A former casino employee has filed a state lawsuit alleging pregnancy discrimination. She claims that her former employer’s stated reason for firing her, that she said “bye bye” on the telephone instead of “goodbye,” supposedly in violation of company policy, was a pretext to cover the discriminatory intent. Prior to her termination, she alleges an ongoing pattern of harassment and hostility from her supervisor. She has also joined a class action wage lawsuit against the casino, claiming that the casino underpaid workers by requiring them to arrive to work early to get their uniforms on site and leave late to drop them off. Employees received no pay for the extra time.
Melodee Megia, age 37, began working at the Cosmopolitan Resort and Casino in November 2010, just before the brand-new casino opened its doors to the public. She worked as a “room service sales” employee. Her primary job duty was to answer the telephone and take room service orders. She occasionally did deliveries to guests’ rooms as well.
According to her lawsuit, the harassment began as early as March 2011, when she was approximately three months pregnant. She alleges that she was asked to deliver a “pleasure packet” of condoms to another employee, who would deliver it to a guest’s room. Her supervisor, the director of room service, allegedly remarked that it was “too late” for condoms, and that she “should have thought about it before getting knocked up.” After that, she alleges that the supervisor routinely gave her “dirty” or disapproving looks and occasionally remarked unfavorably about her pregnancy. On at least one occasion, she says that he remarked to another employee about her pregnancy, saying “that is what happens when you have sex.”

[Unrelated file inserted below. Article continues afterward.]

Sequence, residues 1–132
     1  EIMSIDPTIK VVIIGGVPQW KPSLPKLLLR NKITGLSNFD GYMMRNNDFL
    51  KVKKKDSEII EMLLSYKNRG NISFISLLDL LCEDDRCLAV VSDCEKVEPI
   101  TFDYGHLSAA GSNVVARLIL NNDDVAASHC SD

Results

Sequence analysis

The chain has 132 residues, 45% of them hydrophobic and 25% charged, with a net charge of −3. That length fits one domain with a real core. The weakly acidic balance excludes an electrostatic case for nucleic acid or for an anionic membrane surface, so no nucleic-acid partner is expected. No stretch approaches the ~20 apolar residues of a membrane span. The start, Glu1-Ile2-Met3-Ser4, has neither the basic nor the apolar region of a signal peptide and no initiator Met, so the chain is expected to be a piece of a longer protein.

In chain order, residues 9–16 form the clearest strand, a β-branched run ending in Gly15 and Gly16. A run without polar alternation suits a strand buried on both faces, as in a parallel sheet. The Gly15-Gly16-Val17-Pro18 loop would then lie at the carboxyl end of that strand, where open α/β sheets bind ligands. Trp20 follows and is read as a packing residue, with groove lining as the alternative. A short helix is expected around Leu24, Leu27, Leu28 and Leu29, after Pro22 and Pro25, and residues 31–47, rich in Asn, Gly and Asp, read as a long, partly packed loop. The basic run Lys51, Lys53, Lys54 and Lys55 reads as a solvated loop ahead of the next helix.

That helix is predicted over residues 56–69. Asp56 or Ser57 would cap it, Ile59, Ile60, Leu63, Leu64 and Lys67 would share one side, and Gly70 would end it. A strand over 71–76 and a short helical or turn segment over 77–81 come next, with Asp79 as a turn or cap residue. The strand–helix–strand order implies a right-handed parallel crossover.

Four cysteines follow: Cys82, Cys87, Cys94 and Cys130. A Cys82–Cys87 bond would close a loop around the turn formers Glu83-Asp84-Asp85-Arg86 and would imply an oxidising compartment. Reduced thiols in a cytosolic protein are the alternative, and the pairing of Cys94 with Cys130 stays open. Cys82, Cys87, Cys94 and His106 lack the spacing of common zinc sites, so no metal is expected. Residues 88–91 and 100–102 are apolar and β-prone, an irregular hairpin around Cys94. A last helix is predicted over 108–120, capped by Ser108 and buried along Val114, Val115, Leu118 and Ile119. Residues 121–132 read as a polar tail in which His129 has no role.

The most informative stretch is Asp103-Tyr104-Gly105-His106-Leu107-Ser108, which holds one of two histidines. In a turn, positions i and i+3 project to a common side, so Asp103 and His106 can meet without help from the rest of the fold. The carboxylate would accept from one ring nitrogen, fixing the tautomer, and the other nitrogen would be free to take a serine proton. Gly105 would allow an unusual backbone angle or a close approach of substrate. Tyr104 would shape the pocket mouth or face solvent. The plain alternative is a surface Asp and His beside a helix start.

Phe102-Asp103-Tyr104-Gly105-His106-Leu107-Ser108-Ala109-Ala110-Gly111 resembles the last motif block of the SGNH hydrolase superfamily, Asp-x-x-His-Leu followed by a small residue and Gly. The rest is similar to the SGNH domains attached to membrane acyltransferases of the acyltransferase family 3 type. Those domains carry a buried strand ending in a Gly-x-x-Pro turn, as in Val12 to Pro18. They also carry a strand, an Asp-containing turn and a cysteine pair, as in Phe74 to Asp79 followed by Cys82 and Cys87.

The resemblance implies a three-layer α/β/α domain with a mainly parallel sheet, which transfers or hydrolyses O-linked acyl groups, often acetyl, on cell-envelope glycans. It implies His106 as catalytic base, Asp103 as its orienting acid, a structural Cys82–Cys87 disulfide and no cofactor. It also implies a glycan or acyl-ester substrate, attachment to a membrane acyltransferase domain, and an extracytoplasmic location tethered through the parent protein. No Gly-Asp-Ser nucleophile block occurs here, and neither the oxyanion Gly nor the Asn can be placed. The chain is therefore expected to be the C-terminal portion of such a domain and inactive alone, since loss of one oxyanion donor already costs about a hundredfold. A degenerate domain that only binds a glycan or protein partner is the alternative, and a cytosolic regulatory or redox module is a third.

The company fired Megia in August 2011, when she was eight months pregnant, giving as a reason her use of the phrase “bye bye” while on the phone with a hotel guest. She contends that this was a pretext, citing the pattern of harassment based on her pregnancy. She filed suit in Clark County District Court in Las Vegas in May 2012, claiming unlawful employment discrimination based on pregnancy. She is seeking unspecified damages that could reportedly amount to two or three years of pay, plus punitive damages.
In support of her claim that the stated reason for her termination was a pretext to cover the discriminatory intent based on her pregnancy, Megia has contended that the casino has no script that requires employees to say “good bye” when speaking to guests, or that even mandates a formal tone on the telephone. The casino has no history of disciplining employees “for being casual and friendly when they say good bye.” Federal and many state laws prohibit discrimination based on pregnancy, treating it as a form of gender discrimination. New York City has laws at the state and municipal level protecting workers from discrimination in hiring, firing, job duties, and features or benefits of employment based on pregnancy.
The class action wage suit alleges that the casino required employees to spend at least an extra half hour each day at work picking up and dropping off their work uniforms. The casino also prohibited them from clocking in more than seven minutes before the start of their shifts, or from clocking out more than seven minutes after a shift ended. The time spent changing into and out of their uniforms, the suit alleges, amounted to unpaid work time.
The New York pregnancy discrimination lawyers at Phillips & Associates help safeguard the rights protected by anti-discrimination laws for both employees and job seekers. Contact us today online or at (212) 248-7431 to schedule a free and confidential consultation.
More Blog Posts:
Firing Was Due to Pregnancy Discrimination, Former Bartender Claims in Lawsuit, New York Employment Attorney Blog, June 7, 2012
Proposed Legislation Would Increase Protections Against Pregnancy Discrimination, New York Employment Attorney Blog, May 22, 2012
EEOC Reviews Pregnancy Discrimination and Discrimination Against Caregiving Workers, New York Employment Attorney Blog, April 27, 2012